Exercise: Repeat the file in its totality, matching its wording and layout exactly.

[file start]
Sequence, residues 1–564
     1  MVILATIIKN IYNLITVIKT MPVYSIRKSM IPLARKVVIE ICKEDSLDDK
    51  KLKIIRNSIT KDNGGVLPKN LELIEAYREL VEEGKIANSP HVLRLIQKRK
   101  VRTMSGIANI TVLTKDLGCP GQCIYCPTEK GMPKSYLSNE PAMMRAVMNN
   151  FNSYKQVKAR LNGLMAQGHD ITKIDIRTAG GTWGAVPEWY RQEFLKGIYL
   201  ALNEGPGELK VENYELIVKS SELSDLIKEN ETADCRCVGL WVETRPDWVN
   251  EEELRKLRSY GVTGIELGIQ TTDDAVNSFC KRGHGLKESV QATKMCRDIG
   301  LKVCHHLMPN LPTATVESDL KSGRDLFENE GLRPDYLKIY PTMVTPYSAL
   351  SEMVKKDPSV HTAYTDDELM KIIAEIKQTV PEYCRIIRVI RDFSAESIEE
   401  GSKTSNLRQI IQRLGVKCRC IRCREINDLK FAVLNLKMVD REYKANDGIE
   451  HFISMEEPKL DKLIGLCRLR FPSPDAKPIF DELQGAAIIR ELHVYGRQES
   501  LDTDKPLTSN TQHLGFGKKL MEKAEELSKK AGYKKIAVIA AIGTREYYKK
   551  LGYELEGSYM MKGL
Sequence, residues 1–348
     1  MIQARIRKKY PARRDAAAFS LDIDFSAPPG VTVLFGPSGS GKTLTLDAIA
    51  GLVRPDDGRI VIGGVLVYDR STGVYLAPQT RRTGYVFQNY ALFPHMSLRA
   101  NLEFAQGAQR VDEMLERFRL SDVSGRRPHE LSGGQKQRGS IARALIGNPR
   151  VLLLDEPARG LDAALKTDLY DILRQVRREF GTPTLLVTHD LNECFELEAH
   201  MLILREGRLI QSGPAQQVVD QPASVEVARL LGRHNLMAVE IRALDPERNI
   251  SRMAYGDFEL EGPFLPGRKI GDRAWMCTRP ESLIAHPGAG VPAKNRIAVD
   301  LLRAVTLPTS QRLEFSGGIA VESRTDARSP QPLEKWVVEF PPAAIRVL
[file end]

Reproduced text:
Sequence, residues 1–564
     1  MVILATIIKN IYNLITVIKT MPVYSIRKSM IPLARKVVIE ICKEDSLDDK
    51  KLKIIRNSIT KDNGGVLPKN LELIEAYREL VEEGKIANSP HVLRLIQKRK
   101  VRTMSGIANI TVLTKDLGCP GQCIYCPTEK GMPKSYLSNE PAMMRAVMNN
   151  FNSYKQVKAR LNGLMAQGHD ITKIDIRTAG GTWGAVPEWY RQEFLKGIYL
   201  ALNEGPGELK VENYELIVKS SELSDLIKEN ETADCRCVGL WVETRPDWVN
   251  EEELRKLRSY GVTGIELGIQ TTDDAVNSFC KRGHGLKESV QATKMCRDIG
   301  LKVCHHLMPN LPTATVESDL KSGRDLFENE GLRPDYLKIY PTMVTPYSAL
   351  SEMVKKDPSV HTAYTDDELM KIIAEIKQTV PEYCRIIRVI RDFSAESIEE
   401  GSKTSNLRQI IQRLGVKCRC IRCREINDLK FAVLNLKMVD REYKANDGIE
   451  HFISMEEPKL DKLIGLCRLR FPSPDAKPIF DELQGAAIIR ELHVYGRQES
   501  LDTDKPLTSN TQHLGFGKKL MEKAEELSKK AGYKKIAVIA AIGTREYYKK
   551  LGYELEGSYM MKGL
Sequence, residues 1–348
     1  MIQARIRKKY PARRDAAAFS LDIDFSAPPG VTVLFGPSGS GKTLTLDAIA
    51  GLVRPDDGRI VIGGVLVYDR STGVYLAPQT RRTGYVFQNY ALFPHMSLRA
   101  NLEFAQGAQR VDEMLERFRL SDVSGRRPHE LSGGQKQRGS IARALIGNPR
   151  VLLLDEPARG LDAALKTDLY DILRQVRREF GTPTLLVTHD LNECFELEAH
   201  MLILREGRLI QSGPAQQVVD QPASVEVARL LGRHNLMAVE IRALDPERNI
   251  SRMAYGDFEL EGPFLPGRKI GDRAWMCTRP ESLIAHPGAG VPAKNRIAVD
   301  LLRAVTLPTS QRLEFSGGIA VESRTDARSP QPLEKWVVEF PPAAIRVL